Manufacturers ripped off
Top car manufacturing company General Motors South Africa (GMSA) in Port Elizabeth will launch a high-level investigation after several employees and managers were accused of using fake or invalid drivers' licences to lease company cars.
Reports have been received that the Nelson Mandela traffic department was investigating a similar scam at Volkswagen South Africa (VWSA) in Uitenhage.
Most of those being investigated by GMSA are believed to be newly-employed workers using fake and invalid drivers' licences.
GMSA reportedly suspended all the workers and banned them from entering into lease agreements with the company.
VWSA and GMSA offer cars on lease to employees and staff members at preferential rates.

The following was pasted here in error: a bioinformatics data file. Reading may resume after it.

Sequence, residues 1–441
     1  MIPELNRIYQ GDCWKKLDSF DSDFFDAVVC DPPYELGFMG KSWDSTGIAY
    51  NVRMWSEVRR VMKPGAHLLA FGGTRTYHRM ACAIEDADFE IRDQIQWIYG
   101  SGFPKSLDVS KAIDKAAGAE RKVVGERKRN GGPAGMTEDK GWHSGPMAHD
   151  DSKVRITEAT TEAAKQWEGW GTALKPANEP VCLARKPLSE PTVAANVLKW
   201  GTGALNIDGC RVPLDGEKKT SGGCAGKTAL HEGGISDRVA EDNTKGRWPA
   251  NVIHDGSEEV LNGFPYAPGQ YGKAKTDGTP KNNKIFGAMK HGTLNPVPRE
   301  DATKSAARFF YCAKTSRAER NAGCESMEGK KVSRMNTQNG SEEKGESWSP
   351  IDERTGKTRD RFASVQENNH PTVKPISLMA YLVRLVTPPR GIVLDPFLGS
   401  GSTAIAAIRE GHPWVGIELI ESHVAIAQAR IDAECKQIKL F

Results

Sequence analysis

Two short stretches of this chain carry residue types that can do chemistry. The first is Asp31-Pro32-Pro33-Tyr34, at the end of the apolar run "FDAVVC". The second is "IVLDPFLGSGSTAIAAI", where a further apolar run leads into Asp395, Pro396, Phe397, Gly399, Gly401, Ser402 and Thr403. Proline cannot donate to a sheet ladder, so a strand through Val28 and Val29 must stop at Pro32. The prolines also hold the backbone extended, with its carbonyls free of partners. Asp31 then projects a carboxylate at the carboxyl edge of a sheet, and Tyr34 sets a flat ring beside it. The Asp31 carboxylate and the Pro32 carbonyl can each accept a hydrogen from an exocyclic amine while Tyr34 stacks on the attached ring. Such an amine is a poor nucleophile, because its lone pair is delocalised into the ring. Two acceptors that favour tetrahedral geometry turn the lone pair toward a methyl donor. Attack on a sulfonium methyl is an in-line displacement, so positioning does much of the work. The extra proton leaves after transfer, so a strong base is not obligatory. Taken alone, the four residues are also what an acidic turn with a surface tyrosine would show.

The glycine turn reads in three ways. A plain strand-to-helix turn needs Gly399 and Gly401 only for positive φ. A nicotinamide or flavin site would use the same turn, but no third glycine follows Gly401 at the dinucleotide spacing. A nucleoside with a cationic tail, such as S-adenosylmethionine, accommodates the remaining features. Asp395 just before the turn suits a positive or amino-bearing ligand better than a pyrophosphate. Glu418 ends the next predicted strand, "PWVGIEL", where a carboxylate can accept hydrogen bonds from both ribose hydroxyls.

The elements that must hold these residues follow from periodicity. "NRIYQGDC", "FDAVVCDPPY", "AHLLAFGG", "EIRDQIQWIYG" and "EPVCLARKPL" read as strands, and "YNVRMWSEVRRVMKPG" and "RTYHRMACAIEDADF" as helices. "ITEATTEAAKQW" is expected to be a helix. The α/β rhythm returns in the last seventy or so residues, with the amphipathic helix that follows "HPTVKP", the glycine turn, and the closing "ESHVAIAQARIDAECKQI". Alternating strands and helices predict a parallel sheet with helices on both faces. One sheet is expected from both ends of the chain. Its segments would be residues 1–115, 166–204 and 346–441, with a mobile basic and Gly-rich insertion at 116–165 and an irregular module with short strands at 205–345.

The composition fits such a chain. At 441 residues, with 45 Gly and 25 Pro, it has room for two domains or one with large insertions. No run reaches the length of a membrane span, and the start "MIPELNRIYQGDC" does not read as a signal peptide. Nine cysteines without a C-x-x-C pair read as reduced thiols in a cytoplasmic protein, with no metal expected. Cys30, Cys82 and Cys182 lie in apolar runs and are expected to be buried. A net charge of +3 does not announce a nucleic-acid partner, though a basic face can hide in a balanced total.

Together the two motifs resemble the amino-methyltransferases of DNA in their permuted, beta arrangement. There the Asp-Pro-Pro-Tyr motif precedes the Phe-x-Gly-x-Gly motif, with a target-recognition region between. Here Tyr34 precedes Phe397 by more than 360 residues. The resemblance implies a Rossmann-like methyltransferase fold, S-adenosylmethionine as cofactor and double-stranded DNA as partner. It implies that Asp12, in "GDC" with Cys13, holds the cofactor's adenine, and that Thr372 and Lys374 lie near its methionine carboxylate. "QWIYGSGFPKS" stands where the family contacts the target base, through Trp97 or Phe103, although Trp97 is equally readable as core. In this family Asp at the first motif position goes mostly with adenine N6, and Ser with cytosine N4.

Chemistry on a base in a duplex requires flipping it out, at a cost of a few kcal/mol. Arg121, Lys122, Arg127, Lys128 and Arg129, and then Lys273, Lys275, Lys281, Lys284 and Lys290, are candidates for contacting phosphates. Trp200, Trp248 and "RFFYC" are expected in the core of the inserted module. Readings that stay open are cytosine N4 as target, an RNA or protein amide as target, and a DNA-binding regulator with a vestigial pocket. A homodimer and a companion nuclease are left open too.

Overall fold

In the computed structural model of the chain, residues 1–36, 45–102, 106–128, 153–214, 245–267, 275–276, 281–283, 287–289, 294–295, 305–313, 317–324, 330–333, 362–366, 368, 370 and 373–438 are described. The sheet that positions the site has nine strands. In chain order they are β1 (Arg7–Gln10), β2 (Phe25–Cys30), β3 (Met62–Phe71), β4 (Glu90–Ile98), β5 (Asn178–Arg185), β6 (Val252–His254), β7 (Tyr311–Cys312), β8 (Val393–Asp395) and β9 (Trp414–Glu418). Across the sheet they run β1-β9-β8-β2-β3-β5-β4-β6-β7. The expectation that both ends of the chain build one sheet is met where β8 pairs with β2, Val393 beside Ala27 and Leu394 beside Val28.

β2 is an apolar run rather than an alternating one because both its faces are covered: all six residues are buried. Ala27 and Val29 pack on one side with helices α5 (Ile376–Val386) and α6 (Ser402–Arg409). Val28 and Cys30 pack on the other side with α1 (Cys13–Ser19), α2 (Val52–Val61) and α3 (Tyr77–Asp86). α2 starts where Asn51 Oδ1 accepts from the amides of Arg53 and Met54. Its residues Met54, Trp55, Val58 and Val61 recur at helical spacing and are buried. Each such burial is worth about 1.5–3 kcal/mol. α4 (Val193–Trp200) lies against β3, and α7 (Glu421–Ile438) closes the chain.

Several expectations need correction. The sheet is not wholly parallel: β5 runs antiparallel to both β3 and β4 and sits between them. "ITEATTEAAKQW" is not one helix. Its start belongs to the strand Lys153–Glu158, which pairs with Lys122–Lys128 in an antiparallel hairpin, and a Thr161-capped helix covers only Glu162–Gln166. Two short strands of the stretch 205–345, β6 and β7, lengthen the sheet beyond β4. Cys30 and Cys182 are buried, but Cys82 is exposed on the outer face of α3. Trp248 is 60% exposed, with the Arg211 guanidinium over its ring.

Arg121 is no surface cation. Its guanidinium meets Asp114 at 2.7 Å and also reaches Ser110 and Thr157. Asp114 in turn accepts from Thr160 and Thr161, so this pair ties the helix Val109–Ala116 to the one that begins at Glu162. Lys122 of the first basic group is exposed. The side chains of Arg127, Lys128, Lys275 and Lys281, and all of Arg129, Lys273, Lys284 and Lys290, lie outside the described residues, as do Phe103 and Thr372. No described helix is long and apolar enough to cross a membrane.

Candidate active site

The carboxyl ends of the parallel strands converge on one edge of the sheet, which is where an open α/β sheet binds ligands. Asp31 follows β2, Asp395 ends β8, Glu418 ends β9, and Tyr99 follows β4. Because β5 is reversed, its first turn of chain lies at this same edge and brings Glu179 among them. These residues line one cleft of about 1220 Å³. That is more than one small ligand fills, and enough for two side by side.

GMSA spokesman Denise van Huyssteen confirmed that the company was investigating fake drivers' licences.
She declined to disclose the number of workers found with these drivers' licences and how the company uncovered the scam.
However, VWSA spokesman Bill Stevens denied that some of the company's employees were using fake licences to lease company cars.
Chief of traffic and licensing in the Nelson Mandela metro, Hamilton Totoyi, said there had been an increase in the number of fake drivers' licences in the region.
"If the name of the person does not appear in the system, that means the licence is invalid," said Totoyi
The regional secretary of the National Union of Metalworkers of South Africa, Irvin Jim, said the union was aware that several of the workers at GMSA were implicated.